Creating safer spaces and communities
There are many forward-thinking players and actors who challenge these issues. One organisation Clubber2Clubber have worked with is Crew, who lead the way on promoting harm reduction and therapy and help for people with club drug issues.
Recently, promoters have been organised more women only parties, an extension of clubs and club nights that centralise and prioritise the experience of women, LGBTQIA+ people and black and ethnic minorities. Some of the artists who have struggled with the impact clubbing has had on their life have also found salvation through mutual support and shared experiences, which gave them the courage to attend therapy and seek help.
Developing a new model - the workshops
From the New York City discos to industrial warehouses, evolving poster design to club fashions, we see how the design changes with - and due to - the music. But design can also shape and respond to the behaviours and demands of the consumer. How do we harness that?
Clubber2Clubber proposed the idea of model-making as a way to gain insight into the perspective of potential club users and how club design may respond to them, making spaces that positively impact their wellbeing. Our aim was two-fold, firstly to gain understanding of these perspectives; and secondly, to positively impact wellbeing directly by engaging with club culture - through creativity, group work, and discussion around the subject of club design.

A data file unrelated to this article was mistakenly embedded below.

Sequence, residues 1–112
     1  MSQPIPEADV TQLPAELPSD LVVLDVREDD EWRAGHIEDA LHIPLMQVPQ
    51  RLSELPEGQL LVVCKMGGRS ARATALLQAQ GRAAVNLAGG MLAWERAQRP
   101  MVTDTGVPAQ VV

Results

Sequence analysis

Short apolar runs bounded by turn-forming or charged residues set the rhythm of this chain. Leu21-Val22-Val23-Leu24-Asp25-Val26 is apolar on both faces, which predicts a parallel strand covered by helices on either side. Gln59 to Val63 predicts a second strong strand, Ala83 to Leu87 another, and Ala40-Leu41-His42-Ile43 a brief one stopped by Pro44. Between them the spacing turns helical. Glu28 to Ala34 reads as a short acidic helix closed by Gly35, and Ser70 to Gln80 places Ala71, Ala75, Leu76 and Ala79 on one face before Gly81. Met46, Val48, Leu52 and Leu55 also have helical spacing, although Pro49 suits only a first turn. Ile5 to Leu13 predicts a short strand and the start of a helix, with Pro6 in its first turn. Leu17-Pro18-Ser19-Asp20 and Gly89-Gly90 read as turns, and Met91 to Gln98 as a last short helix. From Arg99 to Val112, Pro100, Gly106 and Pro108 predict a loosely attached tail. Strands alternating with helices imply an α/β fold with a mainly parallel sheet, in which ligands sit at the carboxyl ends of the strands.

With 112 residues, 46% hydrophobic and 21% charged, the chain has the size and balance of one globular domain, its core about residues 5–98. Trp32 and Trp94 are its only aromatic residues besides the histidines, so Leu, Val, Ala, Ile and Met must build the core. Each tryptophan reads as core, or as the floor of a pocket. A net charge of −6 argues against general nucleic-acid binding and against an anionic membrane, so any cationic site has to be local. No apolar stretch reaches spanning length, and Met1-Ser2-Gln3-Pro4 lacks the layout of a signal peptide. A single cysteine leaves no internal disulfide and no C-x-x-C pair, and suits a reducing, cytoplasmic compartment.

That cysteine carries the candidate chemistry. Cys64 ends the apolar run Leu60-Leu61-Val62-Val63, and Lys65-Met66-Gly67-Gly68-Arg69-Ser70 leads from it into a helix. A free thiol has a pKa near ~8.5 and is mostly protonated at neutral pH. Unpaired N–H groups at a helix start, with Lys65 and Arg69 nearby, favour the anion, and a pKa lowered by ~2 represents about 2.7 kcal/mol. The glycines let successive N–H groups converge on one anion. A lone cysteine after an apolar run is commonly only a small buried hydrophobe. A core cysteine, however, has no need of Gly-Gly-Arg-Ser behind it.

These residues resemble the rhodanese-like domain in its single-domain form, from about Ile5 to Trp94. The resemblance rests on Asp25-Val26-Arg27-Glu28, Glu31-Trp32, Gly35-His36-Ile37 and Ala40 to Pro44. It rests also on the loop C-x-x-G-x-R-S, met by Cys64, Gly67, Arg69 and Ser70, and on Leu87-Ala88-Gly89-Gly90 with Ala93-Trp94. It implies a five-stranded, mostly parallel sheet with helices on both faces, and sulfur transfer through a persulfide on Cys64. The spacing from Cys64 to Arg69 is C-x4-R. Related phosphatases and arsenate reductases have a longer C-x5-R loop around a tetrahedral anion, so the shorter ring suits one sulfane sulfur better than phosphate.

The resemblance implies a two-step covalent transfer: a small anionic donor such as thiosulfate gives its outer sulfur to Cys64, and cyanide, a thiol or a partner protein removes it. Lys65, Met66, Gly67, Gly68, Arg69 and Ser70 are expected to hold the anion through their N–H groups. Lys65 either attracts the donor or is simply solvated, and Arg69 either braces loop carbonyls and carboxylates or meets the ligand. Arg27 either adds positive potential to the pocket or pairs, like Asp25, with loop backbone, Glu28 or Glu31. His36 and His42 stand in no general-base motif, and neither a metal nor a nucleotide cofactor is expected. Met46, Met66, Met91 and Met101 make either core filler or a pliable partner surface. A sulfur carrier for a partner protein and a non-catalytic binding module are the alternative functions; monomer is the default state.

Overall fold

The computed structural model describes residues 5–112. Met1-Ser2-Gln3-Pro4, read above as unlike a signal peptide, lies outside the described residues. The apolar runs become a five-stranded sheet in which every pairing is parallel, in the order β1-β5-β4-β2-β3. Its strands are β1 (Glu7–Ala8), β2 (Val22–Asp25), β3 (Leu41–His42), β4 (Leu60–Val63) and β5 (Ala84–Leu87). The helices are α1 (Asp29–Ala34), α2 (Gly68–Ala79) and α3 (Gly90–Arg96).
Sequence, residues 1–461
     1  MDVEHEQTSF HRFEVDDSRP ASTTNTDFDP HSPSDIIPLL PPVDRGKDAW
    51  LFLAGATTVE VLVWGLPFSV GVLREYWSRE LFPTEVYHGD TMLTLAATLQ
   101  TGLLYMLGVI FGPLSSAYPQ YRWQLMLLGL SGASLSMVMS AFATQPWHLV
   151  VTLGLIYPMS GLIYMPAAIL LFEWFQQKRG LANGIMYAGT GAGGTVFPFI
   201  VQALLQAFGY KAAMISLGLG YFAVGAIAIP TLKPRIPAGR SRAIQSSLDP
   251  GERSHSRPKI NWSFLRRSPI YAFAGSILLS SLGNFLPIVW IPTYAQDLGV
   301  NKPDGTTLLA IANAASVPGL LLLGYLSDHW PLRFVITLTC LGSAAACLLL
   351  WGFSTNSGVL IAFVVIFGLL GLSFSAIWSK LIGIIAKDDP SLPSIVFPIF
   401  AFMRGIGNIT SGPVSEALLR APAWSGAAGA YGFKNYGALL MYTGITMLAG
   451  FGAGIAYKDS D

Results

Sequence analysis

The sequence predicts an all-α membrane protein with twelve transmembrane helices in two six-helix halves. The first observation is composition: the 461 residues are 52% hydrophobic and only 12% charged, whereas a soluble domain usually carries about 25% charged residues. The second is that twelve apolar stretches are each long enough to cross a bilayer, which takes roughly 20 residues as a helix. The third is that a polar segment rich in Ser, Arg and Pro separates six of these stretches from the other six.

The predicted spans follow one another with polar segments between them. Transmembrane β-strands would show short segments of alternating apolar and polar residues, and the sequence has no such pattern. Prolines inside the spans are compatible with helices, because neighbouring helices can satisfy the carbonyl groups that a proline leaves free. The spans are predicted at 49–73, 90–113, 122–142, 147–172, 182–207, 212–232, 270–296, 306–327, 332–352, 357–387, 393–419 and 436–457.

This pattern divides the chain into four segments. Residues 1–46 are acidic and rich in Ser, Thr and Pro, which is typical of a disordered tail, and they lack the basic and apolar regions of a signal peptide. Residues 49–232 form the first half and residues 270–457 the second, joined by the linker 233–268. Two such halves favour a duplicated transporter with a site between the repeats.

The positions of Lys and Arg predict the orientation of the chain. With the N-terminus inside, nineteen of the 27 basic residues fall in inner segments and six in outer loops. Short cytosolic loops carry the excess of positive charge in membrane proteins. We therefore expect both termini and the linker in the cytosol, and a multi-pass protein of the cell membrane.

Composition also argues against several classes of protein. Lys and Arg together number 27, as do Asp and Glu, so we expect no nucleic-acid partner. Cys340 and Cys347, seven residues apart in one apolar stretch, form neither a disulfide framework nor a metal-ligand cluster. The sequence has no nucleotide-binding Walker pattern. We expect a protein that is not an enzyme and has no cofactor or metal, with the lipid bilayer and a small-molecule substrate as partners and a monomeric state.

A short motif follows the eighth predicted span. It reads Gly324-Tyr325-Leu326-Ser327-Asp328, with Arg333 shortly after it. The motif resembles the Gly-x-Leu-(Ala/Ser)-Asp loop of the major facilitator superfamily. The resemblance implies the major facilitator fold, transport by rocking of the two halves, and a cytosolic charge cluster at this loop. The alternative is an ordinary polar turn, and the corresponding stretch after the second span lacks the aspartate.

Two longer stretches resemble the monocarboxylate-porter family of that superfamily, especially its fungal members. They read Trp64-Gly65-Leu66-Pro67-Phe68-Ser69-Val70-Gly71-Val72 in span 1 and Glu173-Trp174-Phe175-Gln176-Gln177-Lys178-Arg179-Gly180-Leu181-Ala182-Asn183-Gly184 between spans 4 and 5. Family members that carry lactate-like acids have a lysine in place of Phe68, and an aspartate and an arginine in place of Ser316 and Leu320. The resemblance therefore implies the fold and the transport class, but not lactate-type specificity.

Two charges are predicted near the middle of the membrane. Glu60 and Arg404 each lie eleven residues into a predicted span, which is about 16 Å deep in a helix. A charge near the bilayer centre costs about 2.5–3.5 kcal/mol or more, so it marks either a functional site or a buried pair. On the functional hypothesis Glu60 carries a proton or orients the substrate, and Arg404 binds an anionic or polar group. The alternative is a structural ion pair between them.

Beginning with a tour of the Night Fever exhibition, participants from Scottish Refugee Council, Wellbeing Works, Dundee & Angus College, Dundee University Spectrum Society and LGBT Youth Scotland all took part in workshops. We set three questions to begin to think about club design - how would our club feel? What would we do in our club? And what design features might be important to achieve this?
We developed a wordbank of ideas, and set off to make our models using a variety of materials. Throughout this, we discussed our shared and unique experiences of clubs. For some, it was a nostalgic and cathartic experience – detailing how clubs have changed over time. For others, it was new and fresh. Some had never been to clubs; they found them intimidating, or places that didn’t cater to what they liked. A common theme was safety. People wanted to feel safe, but many didn’t always. People valued the sense of escapism from clubs, but they also felt pressure – to dress a certain way, to get drunk.
There was a range of different focuses for activity across the clubs. While many stayed true to centralising dance music through intricate dancefloors and DJ booths, some focused on fostering connections with people - some through “flirting areas” for people to meet people for a “moonie” (a Dundonian word we heard for the first time for kissing on the dancefloor). Others developed spaces to eat and drink or to read and relax. These showed a development - or breakaway - from the focus of nightclubs as spaces for dance music.